Apolipoprotein e genotype, plasma cholesterol, and cancer: A mendelian randomization study

Stella Trompet, J. Wouter Jukema, Martijn B. Katan, Gerard J. Blauw, Naveed Sattar, Brendan Buckley, Muriel Caslake, Ian Ford, Jim Shepherd, Rudi G.J. Westendorp, Anton J.M. De Craen

Research output: Contribution to journalArticlepeer-review

48 Scopus citations

Abstract

Observational studies have shown an association between low plasma cholesterol levels and increased risk of cancer, whereas most randomized clinical trials involving cholesterol-lowering medications have not shown this association. Between 1997 and 2002, the authors assessed the association between plasma cholesterol levels and cancer risk, free from confounding and reverse causality, in a Mendelian randomization study using apolipoprotein E (ApoE) genotype. ApoE genotype, plasma cholesterol levels, and cancer incidence and mortality were measured during a 3-year follow-up period among 2,913 participants in the Prospective Study of Pravastatin in the Elderly at Risk. Subjects within the lowest third of plasma cholesterol level at baseline had increased risks of cancer incidence (hazard ratio (HR) = 1.90, 95% confidence interval (CI): 1.34, 2.70) and cancer mortality (HR = 2.03, 95% CI: 1.23, 3.34) relative to subjects within the highest third of plasma cholesterol. However, carriers of the ApoE2 genotype (n = 332), who had 9% lower plasma cholesterol levels than carriers of the ApoE4 genotype (n = 635), did not have increased risk of cancer incidence (HR = 0.86, 95% CI: 0.50, 1.47) or cancer mortality (HR = 0.70, 95% CI: 0.30, 1.60) compared with ApoE4 carriers. These findings suggest that low cholesterol levels are not causally related to increased cancer risk.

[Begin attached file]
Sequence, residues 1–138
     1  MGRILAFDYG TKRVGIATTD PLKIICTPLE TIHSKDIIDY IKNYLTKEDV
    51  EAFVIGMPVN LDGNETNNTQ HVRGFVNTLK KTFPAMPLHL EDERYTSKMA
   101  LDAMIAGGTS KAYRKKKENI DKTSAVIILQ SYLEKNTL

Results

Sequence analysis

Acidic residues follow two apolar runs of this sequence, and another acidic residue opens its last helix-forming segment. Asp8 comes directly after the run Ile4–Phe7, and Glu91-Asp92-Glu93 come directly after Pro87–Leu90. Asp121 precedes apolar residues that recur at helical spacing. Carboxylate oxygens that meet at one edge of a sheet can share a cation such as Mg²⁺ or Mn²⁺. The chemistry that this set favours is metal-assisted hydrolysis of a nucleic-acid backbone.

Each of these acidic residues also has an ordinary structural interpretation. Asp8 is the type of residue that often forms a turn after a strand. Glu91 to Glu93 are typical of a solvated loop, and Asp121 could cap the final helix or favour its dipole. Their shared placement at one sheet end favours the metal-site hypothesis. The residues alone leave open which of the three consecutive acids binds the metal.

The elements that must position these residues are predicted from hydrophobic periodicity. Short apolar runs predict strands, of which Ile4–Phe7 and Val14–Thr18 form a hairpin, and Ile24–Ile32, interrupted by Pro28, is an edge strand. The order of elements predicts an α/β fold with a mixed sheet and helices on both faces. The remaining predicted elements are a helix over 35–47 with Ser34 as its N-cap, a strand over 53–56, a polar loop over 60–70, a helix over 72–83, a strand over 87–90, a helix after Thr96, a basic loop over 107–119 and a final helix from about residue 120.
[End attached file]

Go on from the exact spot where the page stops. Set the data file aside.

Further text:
Original languageEnglish
Pages (from-to)1415-1421
Number of pages7
JournalAmerican Journal of Epidemiology
Volume170
Issue number11
DOIs
StatePublished - 2009
Externally publishedYes

Keywords

  • Apolipoproteins E
  • Cholesterol
  • Genetics
  • Neoplasms
  • Random allocation

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